Shin  Sutherland


In 1882-4, Frances Groome's Ordnance Gazetteer of Scotland described Shin like this:

Shin, Loch, a lake in Lairg parish, Sutherland. Lying 270 feet above sea-level, it extends 161/8 miles south-eastward to Lairg village, and varies in breadth between ¼ and 1½ mile. The trout are fine, and salmo-ferox are numerous. ...

Loch Shin possesses strictly a Highland character, but wants the magnificence of mountainflank, the wealth of forest, and the adornment of park and islet, which distinguish many of the Highland lochs. Its south-eastern extremity, indeed, is overhung by a fine sweep of wood, and washes a slope beautifully studded with the neat cottages, the humble church, and the peaceful manse of the village of Lairg; and its W end is so sublimely encircled by the stupendous mountain-masses which are grouped with Benmore-Assynt as to need only wood and a little culture to produce a picturesque blending of grandeur and beauty; but its middle and greatly chief extent was described by Dr Macculloch as ` little better than a huge ditch without bays, without promontories, without rocks, without trees, without houses, without cultivation, as if Nature and man had equally despised and forgotten it.' Hugh Miller spent three autumn holidays at his aunt's cottage in the ancient Barony of Gruids on the shore of Loch Shin; and chapters v. and vi. of My Schools and Schoolmasters are largely devoted to those happy days of his boyhood.—Ord. Sur., shs. 108, 102, 1880-81.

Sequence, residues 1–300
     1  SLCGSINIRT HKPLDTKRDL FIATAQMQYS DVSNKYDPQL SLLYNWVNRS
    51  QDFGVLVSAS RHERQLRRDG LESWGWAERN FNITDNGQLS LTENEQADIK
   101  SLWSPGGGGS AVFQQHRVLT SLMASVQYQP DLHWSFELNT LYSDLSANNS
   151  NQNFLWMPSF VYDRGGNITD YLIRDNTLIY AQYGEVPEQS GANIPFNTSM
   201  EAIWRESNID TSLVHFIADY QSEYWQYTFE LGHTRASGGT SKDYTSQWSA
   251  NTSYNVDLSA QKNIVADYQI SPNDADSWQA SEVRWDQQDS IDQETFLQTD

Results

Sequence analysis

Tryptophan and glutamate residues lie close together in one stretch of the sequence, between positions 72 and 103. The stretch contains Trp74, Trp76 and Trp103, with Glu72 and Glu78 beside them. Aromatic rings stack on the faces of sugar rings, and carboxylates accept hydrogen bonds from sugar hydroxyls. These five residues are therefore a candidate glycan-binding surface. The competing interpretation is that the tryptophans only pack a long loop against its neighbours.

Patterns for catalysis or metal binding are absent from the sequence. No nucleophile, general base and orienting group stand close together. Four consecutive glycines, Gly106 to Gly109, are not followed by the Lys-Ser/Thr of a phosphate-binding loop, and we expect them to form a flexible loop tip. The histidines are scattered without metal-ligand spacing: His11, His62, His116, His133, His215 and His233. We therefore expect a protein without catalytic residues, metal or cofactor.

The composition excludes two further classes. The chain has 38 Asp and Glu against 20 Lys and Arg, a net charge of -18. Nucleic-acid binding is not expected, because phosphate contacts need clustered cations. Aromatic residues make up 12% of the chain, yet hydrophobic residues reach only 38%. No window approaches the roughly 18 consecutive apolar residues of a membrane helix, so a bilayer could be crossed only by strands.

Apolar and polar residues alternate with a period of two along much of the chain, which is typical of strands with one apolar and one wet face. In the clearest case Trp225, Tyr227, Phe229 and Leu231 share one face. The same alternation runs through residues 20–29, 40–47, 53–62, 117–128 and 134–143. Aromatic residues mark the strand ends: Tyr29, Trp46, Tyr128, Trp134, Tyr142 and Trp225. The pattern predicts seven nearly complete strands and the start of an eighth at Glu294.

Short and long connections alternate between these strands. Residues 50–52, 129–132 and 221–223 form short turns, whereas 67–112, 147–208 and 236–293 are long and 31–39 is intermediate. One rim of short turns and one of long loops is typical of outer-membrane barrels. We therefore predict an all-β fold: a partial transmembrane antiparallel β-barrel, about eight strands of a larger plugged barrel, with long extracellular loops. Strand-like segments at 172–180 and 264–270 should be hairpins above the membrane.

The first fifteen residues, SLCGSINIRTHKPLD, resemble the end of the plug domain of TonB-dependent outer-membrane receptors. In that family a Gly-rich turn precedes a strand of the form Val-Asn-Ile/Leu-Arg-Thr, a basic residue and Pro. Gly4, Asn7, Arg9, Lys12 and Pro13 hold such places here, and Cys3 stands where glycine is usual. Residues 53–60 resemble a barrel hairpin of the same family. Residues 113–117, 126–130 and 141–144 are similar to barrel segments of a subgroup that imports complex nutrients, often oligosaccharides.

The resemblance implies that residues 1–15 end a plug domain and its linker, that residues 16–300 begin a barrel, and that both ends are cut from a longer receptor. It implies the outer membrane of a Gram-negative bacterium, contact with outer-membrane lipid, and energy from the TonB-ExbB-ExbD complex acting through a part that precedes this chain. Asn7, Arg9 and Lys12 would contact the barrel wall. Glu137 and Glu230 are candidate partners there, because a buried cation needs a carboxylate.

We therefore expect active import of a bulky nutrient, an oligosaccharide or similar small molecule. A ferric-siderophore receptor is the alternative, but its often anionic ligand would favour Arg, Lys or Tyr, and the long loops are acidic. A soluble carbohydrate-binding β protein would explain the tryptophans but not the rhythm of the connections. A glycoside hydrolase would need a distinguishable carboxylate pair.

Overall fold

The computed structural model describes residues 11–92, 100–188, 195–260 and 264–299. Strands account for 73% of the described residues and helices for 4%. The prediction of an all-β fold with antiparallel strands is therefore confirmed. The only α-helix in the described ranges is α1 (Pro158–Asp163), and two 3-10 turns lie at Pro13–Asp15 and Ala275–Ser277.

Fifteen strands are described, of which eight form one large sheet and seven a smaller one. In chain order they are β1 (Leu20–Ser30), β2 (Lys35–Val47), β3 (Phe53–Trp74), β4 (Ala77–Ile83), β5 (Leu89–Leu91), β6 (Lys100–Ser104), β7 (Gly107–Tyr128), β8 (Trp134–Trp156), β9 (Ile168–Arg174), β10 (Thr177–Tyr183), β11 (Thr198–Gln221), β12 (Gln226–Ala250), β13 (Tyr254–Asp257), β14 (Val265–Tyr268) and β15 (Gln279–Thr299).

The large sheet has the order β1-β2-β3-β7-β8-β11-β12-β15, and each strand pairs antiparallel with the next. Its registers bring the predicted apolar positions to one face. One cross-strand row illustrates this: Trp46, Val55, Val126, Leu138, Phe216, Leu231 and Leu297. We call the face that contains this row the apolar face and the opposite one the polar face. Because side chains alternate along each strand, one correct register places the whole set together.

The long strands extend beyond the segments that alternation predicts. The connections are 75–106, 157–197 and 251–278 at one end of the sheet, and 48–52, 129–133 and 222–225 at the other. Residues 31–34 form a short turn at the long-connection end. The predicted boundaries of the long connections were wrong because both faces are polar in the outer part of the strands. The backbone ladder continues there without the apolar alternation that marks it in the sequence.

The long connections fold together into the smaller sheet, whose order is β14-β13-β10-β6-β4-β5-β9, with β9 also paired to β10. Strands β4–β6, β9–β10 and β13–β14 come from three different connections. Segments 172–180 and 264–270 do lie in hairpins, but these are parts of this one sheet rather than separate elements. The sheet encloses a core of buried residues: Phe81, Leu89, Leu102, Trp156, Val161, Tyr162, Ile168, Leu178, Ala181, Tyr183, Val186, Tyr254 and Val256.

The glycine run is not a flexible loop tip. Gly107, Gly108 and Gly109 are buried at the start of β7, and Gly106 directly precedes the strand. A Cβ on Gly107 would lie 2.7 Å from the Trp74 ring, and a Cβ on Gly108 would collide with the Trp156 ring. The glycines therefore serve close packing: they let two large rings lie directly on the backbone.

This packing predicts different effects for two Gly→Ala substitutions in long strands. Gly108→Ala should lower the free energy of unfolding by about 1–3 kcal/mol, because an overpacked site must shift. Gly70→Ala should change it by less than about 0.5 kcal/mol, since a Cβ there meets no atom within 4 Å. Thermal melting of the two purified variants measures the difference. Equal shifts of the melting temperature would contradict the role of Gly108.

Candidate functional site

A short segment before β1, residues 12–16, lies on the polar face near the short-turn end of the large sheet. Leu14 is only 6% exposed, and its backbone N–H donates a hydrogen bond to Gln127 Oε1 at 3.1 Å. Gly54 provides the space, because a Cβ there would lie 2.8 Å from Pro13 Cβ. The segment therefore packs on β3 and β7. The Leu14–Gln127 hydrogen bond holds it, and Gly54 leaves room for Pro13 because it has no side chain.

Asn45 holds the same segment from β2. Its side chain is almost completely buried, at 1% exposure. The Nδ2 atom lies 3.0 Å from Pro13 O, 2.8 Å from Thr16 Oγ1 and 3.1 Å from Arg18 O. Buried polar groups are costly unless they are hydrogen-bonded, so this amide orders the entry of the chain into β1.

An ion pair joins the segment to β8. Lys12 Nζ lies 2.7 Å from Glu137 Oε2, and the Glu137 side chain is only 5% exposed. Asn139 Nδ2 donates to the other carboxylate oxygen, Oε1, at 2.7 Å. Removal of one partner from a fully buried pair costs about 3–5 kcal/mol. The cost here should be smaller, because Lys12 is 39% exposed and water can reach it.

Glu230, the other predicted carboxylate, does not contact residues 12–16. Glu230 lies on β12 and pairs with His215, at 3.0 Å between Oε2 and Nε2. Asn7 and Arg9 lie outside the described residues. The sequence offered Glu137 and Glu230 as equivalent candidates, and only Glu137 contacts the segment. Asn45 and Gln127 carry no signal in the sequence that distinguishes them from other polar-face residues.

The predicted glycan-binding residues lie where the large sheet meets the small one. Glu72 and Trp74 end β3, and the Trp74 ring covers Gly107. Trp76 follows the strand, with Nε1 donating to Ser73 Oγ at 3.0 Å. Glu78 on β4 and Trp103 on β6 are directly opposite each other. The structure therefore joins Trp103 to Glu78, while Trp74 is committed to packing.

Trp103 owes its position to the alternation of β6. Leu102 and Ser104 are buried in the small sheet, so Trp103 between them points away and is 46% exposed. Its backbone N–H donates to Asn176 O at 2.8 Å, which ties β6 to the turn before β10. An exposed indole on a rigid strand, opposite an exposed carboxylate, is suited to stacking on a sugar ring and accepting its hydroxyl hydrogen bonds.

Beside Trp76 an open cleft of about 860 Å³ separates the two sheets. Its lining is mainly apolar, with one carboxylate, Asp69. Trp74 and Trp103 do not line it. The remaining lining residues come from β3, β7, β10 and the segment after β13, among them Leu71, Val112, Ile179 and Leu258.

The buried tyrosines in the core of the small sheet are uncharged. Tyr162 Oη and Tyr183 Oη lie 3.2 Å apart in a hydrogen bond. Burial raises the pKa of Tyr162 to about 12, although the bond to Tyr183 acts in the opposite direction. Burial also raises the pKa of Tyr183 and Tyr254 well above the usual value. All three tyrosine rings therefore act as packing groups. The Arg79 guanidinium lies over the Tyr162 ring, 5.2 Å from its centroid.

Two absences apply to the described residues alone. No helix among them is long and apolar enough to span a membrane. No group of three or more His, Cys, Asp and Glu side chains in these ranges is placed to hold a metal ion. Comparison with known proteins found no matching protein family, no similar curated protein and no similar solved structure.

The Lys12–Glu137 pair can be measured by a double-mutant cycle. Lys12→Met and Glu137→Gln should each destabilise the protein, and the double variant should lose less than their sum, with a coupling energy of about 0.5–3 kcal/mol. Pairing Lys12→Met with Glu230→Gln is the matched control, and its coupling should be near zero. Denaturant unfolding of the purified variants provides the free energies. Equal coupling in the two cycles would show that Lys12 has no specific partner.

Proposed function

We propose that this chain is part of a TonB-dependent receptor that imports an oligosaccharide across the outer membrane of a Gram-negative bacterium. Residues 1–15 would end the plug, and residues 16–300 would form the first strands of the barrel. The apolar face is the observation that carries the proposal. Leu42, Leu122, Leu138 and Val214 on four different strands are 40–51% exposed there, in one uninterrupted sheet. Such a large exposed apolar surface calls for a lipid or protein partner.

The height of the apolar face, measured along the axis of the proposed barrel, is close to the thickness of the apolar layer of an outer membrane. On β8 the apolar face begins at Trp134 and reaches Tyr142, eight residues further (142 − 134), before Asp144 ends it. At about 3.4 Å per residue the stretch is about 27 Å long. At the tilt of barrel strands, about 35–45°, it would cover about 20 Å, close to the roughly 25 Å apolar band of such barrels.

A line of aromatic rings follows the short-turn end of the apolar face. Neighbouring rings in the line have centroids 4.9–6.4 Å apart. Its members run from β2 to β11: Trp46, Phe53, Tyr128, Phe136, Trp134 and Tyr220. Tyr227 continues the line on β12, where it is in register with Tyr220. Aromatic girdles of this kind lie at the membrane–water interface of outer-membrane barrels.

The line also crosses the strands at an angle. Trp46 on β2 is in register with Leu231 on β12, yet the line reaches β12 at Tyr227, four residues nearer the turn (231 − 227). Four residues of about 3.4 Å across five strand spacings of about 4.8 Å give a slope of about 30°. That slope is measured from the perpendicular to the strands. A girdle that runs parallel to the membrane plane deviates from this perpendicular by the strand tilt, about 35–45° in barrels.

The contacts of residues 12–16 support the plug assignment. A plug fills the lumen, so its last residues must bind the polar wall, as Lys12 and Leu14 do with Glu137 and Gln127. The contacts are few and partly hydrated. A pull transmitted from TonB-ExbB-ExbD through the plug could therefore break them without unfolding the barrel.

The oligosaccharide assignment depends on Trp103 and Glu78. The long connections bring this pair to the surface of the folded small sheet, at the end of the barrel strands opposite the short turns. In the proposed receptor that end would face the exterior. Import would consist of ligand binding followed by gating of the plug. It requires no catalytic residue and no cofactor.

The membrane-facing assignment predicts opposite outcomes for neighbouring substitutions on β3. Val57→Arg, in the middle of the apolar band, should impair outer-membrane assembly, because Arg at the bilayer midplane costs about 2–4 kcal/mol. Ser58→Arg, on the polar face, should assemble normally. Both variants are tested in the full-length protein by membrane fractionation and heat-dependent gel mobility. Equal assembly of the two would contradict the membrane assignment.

Additional information about this locality is available for Lairg

Shin through time

Shin is now part of Highland district. Click here for graphs and data of how Highland has changed over two centuries. For statistics about Shin itself, go to Units and Statistics.

How to reference this page:

GB Historical GIS / University of Portsmouth, History of Shin, in Highland and Sutherland | Map and description, A Vision of Britain through Time.


Date accessed: 21st May 2024

Not where you were looking for?

Click here for more detailed advice on finding places within A Vision of Britain through Time, and maybe some references to other places called "Shin".